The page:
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I'm a little confused by this:

http://en.wikipedia.org/wiki/Flatness_problem

Which seems to imply the universe is more curved now than it was soon after the Big Bang. Look at the graph on the right side. It's not drawn to scale but clearly implies that with continued expansion the mass-energy density to critical density ratio (Omega) will change which should mean a difference in curvature... no?

In other words the term |Ω − 1| is currently less than 0.01, and therefore must have been less than 10−62 at the Planck era.

So while it's still close to flat, it was closer to flat in the early period of the universe than it is now? And this is due to the mass-energy density decreasing quicker (due to expansion) than the curvature?

  • And this is a problem because this implies the curvature had to be closer to flat (Omega had to be closer to 1) very early on, and this low level of curvature could not have contributed enough to the expansion of the universe to match the contribution of the mass-energy density? When they should have matched? Implying curvature was being governed by some other factor? (Assuming one didn't go the philosophical route of invoking the anthropic principle)

  • OR am I reading the Wiki's language incorrectly and it merely says that curvature and mass-energy density should match but they don't as mass-energy density decreases faster than curvature which implies curvature in the past approaches the necessary value for the critical density? Which then implies that curvature is being affected by more than just mass-energy density?

So the inflationary model says there's an inflaton field which drove the sharp exponential inflation during the early period of the universe which quickly flattened out the universe (overriding the effect of mass-energy density?) and then the curvature began to deviate away again slowly as the universe continued to expand?

So now the curvature will increase slightly to match our current Omega which is slightly off the critical density? Should this not then mean that the universe is actually not flat but spherical (due to omega slightly greater than one) and soon to be hyperbolic because of the decreasing energy density? (due to expansion driven by dark energy)?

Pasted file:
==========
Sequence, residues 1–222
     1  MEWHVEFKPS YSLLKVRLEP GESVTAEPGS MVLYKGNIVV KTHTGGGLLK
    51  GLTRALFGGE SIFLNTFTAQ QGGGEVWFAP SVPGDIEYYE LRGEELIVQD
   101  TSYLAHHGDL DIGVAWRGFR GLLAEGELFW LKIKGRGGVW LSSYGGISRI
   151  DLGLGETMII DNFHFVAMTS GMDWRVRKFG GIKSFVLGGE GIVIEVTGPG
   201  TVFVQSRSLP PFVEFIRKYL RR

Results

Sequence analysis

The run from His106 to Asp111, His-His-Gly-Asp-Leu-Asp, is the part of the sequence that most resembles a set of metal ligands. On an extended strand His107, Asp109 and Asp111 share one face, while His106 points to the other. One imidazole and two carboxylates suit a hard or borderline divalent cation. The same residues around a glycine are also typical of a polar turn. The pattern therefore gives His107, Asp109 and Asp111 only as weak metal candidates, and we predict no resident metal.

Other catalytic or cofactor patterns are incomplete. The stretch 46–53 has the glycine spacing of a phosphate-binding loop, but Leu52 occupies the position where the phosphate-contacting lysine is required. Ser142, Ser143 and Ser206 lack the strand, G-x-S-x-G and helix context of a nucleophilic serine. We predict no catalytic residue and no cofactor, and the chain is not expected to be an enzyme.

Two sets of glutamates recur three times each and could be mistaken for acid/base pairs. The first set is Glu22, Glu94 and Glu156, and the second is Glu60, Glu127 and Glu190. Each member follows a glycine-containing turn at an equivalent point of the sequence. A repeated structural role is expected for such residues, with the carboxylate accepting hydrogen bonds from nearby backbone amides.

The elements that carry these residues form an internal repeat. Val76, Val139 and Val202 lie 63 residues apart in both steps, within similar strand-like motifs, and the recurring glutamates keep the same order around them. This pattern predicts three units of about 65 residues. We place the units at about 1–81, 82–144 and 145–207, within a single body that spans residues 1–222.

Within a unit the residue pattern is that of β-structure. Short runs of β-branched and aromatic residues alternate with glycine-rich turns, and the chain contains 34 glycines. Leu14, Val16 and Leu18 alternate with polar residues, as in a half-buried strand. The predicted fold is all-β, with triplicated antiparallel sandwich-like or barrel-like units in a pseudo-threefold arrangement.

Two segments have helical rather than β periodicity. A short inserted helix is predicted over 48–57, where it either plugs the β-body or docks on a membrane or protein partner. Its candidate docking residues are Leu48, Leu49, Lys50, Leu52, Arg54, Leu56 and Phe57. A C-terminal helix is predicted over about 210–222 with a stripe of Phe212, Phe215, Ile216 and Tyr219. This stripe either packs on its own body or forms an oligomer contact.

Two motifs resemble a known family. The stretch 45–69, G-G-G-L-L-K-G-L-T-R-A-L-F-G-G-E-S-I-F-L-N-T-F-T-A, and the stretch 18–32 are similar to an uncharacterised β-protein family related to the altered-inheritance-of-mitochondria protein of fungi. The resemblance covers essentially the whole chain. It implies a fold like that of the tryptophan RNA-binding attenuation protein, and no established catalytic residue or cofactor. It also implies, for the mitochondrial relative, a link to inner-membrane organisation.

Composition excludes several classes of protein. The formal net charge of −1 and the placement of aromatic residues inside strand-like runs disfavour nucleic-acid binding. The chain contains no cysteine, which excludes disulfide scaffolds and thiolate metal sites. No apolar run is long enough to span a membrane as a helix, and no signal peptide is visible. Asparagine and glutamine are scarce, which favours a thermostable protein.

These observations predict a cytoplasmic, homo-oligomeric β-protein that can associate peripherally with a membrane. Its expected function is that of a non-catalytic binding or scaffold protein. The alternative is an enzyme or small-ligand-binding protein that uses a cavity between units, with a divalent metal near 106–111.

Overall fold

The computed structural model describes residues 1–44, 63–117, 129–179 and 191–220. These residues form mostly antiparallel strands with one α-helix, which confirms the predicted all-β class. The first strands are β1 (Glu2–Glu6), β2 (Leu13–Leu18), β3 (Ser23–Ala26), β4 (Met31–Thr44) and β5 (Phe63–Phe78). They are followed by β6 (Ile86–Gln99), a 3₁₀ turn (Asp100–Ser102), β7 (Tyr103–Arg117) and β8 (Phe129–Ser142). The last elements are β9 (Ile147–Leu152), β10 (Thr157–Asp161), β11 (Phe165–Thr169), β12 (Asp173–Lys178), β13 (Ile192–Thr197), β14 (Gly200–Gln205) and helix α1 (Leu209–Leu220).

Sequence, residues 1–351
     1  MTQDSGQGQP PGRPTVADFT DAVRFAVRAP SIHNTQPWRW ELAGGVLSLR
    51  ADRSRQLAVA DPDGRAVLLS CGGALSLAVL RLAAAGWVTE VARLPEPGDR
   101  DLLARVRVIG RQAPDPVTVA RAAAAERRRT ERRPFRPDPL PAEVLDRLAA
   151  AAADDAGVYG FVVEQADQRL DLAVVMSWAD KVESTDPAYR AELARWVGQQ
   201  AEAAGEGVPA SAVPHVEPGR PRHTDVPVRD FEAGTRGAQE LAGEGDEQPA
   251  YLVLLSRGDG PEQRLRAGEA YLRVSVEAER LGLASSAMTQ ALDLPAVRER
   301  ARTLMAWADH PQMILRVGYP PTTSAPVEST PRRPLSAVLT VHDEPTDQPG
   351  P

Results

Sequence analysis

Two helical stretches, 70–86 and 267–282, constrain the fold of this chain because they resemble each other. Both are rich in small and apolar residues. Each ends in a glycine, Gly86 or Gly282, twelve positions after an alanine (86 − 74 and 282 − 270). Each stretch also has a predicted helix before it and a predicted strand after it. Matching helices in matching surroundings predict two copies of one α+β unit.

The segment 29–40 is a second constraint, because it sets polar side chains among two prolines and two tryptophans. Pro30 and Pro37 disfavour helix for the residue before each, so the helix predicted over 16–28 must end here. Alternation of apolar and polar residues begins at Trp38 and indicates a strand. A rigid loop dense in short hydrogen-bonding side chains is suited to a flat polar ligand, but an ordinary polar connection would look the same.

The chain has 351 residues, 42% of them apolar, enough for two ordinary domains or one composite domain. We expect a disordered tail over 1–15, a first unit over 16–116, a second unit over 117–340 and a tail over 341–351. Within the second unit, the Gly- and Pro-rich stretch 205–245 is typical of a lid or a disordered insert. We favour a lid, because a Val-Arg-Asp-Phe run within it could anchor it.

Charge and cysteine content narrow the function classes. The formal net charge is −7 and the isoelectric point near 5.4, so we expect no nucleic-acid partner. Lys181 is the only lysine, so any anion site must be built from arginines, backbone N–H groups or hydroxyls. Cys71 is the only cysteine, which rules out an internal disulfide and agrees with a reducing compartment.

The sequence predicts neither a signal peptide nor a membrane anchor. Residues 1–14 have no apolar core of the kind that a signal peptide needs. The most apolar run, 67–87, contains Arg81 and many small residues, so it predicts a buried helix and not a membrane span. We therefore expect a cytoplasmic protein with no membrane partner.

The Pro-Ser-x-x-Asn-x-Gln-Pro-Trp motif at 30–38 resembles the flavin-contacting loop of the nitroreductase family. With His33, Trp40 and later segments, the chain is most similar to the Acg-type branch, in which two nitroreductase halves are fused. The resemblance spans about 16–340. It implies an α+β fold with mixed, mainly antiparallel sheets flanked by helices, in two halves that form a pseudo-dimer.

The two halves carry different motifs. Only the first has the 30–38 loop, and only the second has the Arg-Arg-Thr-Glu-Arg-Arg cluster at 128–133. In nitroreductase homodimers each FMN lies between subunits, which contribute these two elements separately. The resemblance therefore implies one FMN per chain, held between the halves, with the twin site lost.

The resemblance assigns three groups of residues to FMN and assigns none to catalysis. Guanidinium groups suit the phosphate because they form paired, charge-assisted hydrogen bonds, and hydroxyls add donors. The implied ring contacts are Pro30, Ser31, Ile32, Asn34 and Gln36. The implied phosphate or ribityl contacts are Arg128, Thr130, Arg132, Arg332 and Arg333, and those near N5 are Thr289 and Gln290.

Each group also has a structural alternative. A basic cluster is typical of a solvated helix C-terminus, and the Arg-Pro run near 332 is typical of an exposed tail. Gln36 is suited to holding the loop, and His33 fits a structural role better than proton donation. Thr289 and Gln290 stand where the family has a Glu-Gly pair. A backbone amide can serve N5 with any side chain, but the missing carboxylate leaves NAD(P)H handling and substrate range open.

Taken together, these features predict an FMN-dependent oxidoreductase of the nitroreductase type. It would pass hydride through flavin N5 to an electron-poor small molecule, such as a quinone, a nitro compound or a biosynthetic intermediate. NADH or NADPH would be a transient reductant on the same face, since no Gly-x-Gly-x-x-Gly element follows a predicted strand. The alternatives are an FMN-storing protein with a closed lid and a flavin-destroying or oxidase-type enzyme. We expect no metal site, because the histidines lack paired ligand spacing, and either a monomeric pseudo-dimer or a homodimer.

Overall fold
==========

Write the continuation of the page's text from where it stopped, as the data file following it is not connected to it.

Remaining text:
Does the expansion from dark energy affect flatness?

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Related: physics.stackexchange.com/q/7326/2451 –  Qmechanic Apr 8 '12 at 11:58
    
See also physics.stackexchange.com/questions/23410 –  John Rennie Apr 9 '12 at 14:37

1 Answer 1

"So the inflationary model says there's an inflaton field which drove the sharp exponential inflation during the early period of the universe which quickly flattened out the universe (overriding the effect of mass-energy density?) and then the curvature began to deviate away again slowly as the universe continued to expand?"

Popular articles tend to be make of mess of this, so I'll try to be precise.

Firstly, the curvature of the universe people talk about is that of a "co-moving section" - think of it as a "slice of the universe at a specific time point". (The "co-moving" bit is just to make precise sense of "at a specific time point".) This is different from the curvature of space-time which GR talks about. An expanding universe where co-moving sections are perfectly flat is still curved in this sense.

Anyway, imagine the co-moving section looks like a sphere. (This is a special case, but easiest to illustrate. Technically, this is the case where curvature is positive). Now, the curvature parameter simply measures the ratio of the distance to the observable horizon ("the observable universe") to the radius of the sphere.

Note that the distance to the horizon is directly proportional to t = Time since Big Bang.

Now when we throw in expansion, what happens is that in a universe dominated by matter and radiation, the radius of the sphere increases in proportion to a lower power of t, generally t^1/2 or t^2/3. So, it follows that the curvature will increase with time. Its just like as you can see more and more of the Earth, its curvature becomes more apparent.

During inflation, the sphere radius increases as exp(t), which means that the horizon becomes really small compared to the radius. Hence the curvature is "pushed towards zero". But yes, once matter and energy take over it gets pushed away from zero again.

Now this is where popular articles REALLY mess up, so let me belabor this a bit.

Inflation doesn't really predict that the universe should be flat.

All it says is: If the universe is approximately flat today - ie, the radius of curvature is of the same order of magnitude as the horizon - then the radius needed to be much, much bigger than the horizon very soon after the Big Bang (ie curvature was very close to zero)

But the mechanism for inflation is such that we generally expect that the radius is much, much bigger than the horizon even today - despite the fact that the curvature has been increasing due to the presence of matter and energy.

And yes, if dark energy is just a cosmological constant then the curvature will be driven to zero again in the long term.

Hope that helps.

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